Navy Reserve Medicine, like the DHA, is undergoing rapid and sweeping changes. These changes not only affect our active duty colleagues, but the Reserves and National Guard as well. Coupling these planned changes with a worldwide pandemic has required further adjustments and course deviations from the original plans. Our country and world will never be the same after this pandemic ends, and military medicine is no exception. Stay tuned! 

Deployments are still at a high OPTEMPO for Navy Reserve Emergency Medicine, although it appears the AFG Role 3 mission that the Navy has led for over a decade is being transitioned from the Navy to the Army. Good luck to our siblings in the Army. Feel free to reach out to us for information on deployments to KAF as we have many members who have deployed there over the last decade, some more than once! BZ to CDR Gardner, LT Reeder, and LT Warner for serving with the last Navy group downrange at KAF Role 3, taking care of both trauma patients as well as COVID patients! To CAPT Brannon, who agreed to deploy downrange again instead of retiring, thanks for your patriotism and example to the rest of us, reminding us why we do this job. All, including our non-Navy colleagues, please keep on the lookout for deployments that fit your interest or time frames. Many are interested in deploying, but have specific requests, requirements, time frames, and/or goals. Often, at least in the Navy, you are afforded the opportunity to volunteer for deployments that fit your goals.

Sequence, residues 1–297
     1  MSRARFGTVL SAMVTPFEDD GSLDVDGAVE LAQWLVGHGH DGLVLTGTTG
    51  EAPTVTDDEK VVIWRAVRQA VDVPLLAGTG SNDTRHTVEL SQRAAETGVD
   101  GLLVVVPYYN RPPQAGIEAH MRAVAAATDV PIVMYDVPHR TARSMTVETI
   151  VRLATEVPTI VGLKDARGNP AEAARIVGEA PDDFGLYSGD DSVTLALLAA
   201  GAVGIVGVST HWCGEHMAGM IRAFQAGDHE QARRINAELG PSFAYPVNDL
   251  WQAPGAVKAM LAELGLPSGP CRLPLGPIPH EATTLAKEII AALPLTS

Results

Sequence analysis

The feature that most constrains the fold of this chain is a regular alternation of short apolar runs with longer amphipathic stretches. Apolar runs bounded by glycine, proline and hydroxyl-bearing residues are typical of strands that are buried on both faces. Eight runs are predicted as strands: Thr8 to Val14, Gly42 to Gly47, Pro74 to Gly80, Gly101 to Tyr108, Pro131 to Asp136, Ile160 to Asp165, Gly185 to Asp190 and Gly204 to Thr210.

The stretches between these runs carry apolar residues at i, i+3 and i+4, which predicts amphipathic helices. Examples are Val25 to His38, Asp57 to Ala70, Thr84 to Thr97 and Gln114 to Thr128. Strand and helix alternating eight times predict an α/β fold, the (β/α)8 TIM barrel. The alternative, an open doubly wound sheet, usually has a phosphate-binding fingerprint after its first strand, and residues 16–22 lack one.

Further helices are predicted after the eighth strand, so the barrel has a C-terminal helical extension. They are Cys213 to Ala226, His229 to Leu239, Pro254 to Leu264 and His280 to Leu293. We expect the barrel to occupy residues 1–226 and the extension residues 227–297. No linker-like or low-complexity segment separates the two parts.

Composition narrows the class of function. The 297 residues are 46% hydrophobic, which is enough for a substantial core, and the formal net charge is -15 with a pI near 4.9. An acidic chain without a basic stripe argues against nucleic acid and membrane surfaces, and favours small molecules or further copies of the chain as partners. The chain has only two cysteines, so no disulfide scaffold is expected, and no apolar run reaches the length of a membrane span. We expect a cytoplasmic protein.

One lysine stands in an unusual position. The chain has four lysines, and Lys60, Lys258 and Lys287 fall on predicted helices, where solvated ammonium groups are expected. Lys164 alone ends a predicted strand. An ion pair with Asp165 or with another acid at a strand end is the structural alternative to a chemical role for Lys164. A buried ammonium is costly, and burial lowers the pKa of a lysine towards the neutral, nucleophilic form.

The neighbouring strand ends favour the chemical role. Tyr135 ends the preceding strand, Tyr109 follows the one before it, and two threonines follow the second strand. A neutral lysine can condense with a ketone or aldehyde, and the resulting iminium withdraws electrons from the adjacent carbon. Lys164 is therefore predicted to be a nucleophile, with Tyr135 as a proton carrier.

On a personal note, I am excited to be joining my fellow colleagues who work for the VA. As a per diem employee in my primary job, when I returned from deployment my shifts had been cut to make room for newly hired full-time personnel. This gave me the opportunity to explore other options, which led me to my new job at the VA in Phoenix, starting in October. I am honored, as a veteran, to be able to serve my fellow veterans!

Feel free to reach out to me if you have questions, regardless of your branch of service. My contact information is below.


CAPT Butler
Bradley S Butler, MD, FACEP 
Emergency Medicine Specialty Leader- Navy Reserve

“Navy Reserve Emergency Medicine- a ready medical force ensuring a medically ready force”


Deployment Corner

CPT Joshua Stein

The views expressed are the author's and do not reflect those of the US Army or DoD